Hunting for treasure in the North Atlantic

1st March 2017, RRS James Cook

Instruments that check conductivity, temperature and depth of the Atlantic Ocean are deposited on the deck of the RRS James Cook

It took me a while to identify the source of the stench. Earlier problems with plumbing, that acrid smell of ammonia, wasn’t what overwhelmed me now. This was altogether more fishy.

A once shiny bright yellow buoy sat stagnating to starboard, hauled up from the deep by the men in red. Barnacle covered and festooned in seaweed, it had the consistency and appearance of a scab left too long in the bath.

Now a defunct starter home for flotsam and jet-sum, this unassuming piece of marine detritus, serves a far higher purpose. Anchored to the seabed by a tonne of steel, its job over the past year-and-a-half has been to support scientific instruments as they bob, suspended in silence.
Scientists retrieve instruments sent more than five kilometres down into the Atlantic Ocean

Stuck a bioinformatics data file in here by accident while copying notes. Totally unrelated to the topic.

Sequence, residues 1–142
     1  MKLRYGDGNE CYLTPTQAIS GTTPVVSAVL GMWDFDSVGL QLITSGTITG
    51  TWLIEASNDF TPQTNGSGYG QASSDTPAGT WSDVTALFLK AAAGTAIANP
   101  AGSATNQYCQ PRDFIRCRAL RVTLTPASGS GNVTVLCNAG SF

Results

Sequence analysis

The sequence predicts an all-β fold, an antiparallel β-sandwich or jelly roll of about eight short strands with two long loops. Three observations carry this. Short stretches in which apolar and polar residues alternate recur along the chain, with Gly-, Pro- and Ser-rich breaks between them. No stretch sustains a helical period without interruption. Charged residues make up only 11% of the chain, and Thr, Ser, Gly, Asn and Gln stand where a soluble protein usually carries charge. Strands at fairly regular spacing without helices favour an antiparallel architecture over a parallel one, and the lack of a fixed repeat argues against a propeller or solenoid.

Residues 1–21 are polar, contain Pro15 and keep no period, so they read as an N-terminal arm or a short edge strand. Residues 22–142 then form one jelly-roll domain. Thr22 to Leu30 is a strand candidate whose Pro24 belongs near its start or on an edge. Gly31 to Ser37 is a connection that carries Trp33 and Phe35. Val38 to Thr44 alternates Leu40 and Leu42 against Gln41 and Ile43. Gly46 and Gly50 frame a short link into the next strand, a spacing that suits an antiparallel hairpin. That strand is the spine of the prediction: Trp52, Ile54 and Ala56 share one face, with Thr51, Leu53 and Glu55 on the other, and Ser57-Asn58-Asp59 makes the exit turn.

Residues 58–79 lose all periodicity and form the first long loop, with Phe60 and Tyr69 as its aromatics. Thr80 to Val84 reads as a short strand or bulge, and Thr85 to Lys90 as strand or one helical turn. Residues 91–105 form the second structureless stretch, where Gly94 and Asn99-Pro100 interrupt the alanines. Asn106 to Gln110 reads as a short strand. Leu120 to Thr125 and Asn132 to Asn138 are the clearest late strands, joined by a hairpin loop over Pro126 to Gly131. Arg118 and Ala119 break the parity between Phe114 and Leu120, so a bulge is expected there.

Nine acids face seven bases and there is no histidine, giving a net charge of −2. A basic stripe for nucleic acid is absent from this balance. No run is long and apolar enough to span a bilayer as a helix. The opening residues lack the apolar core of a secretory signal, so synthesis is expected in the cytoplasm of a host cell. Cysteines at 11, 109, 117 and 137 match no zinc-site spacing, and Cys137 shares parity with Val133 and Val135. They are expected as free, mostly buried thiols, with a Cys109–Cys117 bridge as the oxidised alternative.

Small, silver and around £5,000 a piece, one-by-one they arrive slippery and shining at the surface. Like mackerel caught on a line. Handled as delicately as a new born baby, the information they contain helps scientists learn more about how heat is distributed throughout the Atlantic. It’s this movement of heat that affects our weather in the U.K.

Over the next 40 days we will be checking huge numbers of these CTDs, along a route measured regularly since 2004. And whilst my five year old nephew desperately hopes we’ll bring up some kind of long-lost treasure, I am perfectly happy with what we’ve revealed so far. The true secrets of the deep.

– Laura

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